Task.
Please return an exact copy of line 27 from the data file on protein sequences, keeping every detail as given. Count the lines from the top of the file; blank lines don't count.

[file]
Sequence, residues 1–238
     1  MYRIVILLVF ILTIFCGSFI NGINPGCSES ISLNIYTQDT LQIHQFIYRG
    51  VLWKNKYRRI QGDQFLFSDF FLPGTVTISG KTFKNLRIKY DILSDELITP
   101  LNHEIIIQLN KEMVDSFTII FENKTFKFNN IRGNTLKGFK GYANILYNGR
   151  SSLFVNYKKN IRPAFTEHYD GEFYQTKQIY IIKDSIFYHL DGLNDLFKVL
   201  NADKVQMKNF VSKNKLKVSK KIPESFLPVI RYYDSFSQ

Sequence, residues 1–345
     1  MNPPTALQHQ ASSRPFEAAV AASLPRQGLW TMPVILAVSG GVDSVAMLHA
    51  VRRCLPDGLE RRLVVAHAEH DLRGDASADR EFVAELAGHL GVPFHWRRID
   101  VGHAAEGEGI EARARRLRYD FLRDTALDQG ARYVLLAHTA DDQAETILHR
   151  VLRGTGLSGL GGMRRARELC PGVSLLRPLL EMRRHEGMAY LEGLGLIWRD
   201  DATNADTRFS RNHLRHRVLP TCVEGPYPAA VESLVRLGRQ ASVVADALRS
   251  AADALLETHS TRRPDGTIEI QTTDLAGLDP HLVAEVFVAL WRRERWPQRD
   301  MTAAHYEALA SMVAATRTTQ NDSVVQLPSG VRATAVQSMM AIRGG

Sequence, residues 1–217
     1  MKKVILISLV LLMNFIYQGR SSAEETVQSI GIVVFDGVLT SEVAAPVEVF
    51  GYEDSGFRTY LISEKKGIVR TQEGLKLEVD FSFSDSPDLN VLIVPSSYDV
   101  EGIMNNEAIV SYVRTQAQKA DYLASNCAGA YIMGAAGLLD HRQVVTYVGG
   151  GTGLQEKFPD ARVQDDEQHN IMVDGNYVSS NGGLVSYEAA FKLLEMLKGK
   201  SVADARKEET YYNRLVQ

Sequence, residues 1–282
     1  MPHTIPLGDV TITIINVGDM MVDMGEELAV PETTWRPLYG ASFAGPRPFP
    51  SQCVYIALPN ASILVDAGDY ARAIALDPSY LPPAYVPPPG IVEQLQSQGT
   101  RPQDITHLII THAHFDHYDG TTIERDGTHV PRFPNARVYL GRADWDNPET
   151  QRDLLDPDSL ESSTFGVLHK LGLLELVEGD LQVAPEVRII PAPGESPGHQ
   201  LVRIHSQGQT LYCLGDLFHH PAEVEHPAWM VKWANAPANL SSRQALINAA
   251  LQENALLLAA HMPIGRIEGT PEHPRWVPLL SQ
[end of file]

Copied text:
   251  LQENALLLAA HMPIGRIEGT PEHPRWVPLL SQ